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Sunday Dinner in Ritchie County

Text and photographs by Katherine Roberts

Ralph Davis family
Ralph Davis, members of his extended family, and family friends on a Sunday in 2008. Standing, from the left, are Pam (Davis) Copeland, Ralph, Danny Copeland, Gene Reed, Tammi Oliver, and John Davis, Sr. In front are Rylee and John Copeland. Photograph by Katherine Roberts.


Several years ago, I visited Ralph Davis on a Sunday afternoon in midsummer. Ralph was a widower by the time I met him in 2003, and I usually found him at home alone when I stopped by. But this time, the house was spilling over with people. Children, young adults, and middle-aged folk banged in and out of the screen door and milled around on the front porch of his house. He and I sat together in a corner of the porch, pouring over historical photographs of Ritchie County and of 19th century machinery. As the shadows lengthened and his visitors began to trickle away, he reminded each one of them to take some of his garden produce from a table near the door — a sea of red tomatoes, piles of zucchini, rows of cucumbers. I worried that I was keeping him from his guests, but Ralph assured me they’d all be back next Sunday. I soon learned that on Sundays at Ralph Davis’ place on Laurel Run in Ritchie County, there is always a full house. Ralph’s three grown children, his grandchildren, and his great grandchildren (and often their friends) gather for the entire afternoon to eat, visit, and help with upkeep of the homeplace.

This is where Ralph and his late wife, Mary Frances, lived out their 54 year marriage and raised their three children: John, Lowell, and Pam. It is also where Mary Frances grew up and where her grandfather settled in the 1880's. Ralph first came to the farm at the age of 19, in 1947. Henry Lieving, a farmer and successful blacksmith, had hired him to do some work. “I was going to stay a week doing work for him,” Ralph recalls. “And I never left.”

During that first visit, Ralph met the Lievings’ daughter, Mary Frances. The next year, the two married and established their home at the farm with the Lievings. The land had been passed down in her family from her grandfather, Jacob Lieving, a first-generation German immigrant who bought the place in 1883 and migrated to Ritchie County from Washington County, Ohio. Ralph and Mary Frances inherited the 119 acres when her parents passed away. They named it “Sunset Acres Farm.”

And it is beautiful. Ralph won’t brag on it himself, but pride of place is evident in the clean hilltop meadows, tightly mowed lawn, freshly painted outbuildings, and decorative embellishments on the front porch. Large, painted wooden yellow-and-black butterflies light permanently on the exterior walls of the house. Little wooden children in profile swing from the eaves. Here and there hang Ralph’s clocks, made from everyday objects: a gas meter, a Pennzoil Frisbee, a cast iron skillet. The atmosphere is cheerful, engaging.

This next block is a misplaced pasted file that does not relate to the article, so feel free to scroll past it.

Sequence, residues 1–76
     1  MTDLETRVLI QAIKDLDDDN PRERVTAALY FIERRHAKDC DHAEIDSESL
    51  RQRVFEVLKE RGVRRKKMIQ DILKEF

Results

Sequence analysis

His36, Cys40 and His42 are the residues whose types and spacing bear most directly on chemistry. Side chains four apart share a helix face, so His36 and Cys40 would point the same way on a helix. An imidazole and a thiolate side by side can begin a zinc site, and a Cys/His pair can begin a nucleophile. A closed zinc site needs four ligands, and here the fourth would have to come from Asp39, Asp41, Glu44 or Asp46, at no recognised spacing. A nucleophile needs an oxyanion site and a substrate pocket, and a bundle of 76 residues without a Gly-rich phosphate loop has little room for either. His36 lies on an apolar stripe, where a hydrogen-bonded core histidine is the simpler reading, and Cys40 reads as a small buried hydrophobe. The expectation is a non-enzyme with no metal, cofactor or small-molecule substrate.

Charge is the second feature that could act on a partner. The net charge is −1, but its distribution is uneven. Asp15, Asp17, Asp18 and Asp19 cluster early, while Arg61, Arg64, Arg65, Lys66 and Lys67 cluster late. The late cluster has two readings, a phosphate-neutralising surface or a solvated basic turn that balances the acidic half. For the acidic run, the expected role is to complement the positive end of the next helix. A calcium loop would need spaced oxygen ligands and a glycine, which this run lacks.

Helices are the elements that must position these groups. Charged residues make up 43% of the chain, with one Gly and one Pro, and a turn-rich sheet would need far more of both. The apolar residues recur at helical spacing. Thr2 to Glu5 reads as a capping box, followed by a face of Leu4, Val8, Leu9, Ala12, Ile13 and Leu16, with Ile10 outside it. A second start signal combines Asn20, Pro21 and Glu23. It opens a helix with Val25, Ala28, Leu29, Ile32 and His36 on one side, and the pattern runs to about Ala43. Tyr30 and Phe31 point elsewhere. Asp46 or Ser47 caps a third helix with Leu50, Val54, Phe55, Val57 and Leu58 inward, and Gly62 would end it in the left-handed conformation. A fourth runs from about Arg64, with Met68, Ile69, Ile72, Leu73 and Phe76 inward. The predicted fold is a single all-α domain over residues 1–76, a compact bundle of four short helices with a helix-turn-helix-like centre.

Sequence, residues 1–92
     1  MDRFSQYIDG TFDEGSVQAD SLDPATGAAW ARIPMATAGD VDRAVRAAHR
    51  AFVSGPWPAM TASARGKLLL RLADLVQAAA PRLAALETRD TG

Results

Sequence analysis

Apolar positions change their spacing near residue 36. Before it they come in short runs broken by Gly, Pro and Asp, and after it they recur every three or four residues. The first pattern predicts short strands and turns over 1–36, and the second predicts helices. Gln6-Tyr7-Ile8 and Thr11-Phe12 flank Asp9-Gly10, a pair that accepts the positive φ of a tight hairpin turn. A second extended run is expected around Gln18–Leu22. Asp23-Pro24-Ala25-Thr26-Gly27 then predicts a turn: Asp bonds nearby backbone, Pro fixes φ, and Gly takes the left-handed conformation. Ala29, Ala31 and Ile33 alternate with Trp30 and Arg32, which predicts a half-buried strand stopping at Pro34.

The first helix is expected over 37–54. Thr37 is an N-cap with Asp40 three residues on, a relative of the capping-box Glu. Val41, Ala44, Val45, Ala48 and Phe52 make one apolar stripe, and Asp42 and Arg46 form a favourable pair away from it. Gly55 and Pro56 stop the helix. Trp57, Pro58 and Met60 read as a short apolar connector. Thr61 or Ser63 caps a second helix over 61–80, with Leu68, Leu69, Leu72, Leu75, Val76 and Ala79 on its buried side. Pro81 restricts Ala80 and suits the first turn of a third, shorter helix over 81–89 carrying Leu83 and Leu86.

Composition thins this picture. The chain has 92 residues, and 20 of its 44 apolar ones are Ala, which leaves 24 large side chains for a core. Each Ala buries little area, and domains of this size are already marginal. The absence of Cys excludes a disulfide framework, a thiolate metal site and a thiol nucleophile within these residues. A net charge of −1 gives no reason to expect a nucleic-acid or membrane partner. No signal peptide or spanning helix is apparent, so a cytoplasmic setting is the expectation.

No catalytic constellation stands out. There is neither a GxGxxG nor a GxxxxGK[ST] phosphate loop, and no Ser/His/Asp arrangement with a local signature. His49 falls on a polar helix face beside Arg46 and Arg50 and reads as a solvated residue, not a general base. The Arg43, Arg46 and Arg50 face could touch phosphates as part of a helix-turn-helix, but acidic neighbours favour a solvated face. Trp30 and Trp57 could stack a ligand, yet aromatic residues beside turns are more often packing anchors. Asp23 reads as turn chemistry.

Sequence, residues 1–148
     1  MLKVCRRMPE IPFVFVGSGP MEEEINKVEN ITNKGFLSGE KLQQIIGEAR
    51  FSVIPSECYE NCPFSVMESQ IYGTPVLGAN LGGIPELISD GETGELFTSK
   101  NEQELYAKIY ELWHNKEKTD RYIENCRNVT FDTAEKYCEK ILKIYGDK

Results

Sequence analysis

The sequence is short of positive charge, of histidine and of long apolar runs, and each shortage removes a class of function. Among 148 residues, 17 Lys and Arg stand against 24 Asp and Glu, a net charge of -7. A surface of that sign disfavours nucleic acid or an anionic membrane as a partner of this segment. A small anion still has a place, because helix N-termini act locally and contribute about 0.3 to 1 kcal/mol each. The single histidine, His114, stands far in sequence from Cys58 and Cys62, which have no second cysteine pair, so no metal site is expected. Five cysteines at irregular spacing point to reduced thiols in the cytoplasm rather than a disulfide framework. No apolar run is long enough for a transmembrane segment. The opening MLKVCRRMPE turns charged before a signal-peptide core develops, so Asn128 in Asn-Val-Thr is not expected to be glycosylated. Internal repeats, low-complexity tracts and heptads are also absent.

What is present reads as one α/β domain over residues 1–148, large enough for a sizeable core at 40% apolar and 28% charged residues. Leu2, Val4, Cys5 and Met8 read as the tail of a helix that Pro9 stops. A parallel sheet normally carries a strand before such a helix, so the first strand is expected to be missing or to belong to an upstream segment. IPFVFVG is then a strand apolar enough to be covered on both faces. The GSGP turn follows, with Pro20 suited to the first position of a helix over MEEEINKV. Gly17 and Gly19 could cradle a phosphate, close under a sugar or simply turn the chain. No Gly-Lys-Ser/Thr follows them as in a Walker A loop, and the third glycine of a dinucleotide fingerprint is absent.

The homeplace is central to family gatherings. Sunday dinner has always happened here. “All these years,” Ralph’s daughter Pam (Davis) Copeland muses, “and we never once had anything down [at my place].” She lives on Dutchman Road, just a few minutes four wheeler drive across the ridge from her homeplace.

During most of their married life, Ralph commuted every day to his job as a gauger with Pennzoil in Grantsville, and Mary Frances tended the home fires. She nurtured their three children and took care of milk cows, chickens, gardens, food preparation, cooking, sewing, and general housekeeping. “She was a powerful worker,” Ralph often says about his late wife. One of the things she worked at was bringing the family together around Sunday dinner.

I met Ralph just a year after Mary Frances had died, and the cellar beneath the house was still full of her handiwork — hundreds of glass jars full of food from the garden and the field. The family has had to weed out many of the oldest jars of food, but occasionally they still pull something from the cellar to add to their communal meal. Today it is Pam who prepares Sunday dinner, with help from her sons, Danny and John, and her partner, Gene Reed. But at one time, Pam worked side-by-side with her mother. “Mom always planned the main course,” Pam recalls. “And she always made some kind of cake or pie. She’d pack that in Dad’s lunch all week.”

Though she downplays the amount of work it takes to fix the large meal every week, Pam does rise early on Sunday mornings at her place and begins preparations for the meal in her own kitchen.

You can read the rest of this article in this issue of Goldenseal, available in bookstores, libraries or direct from Goldenseal.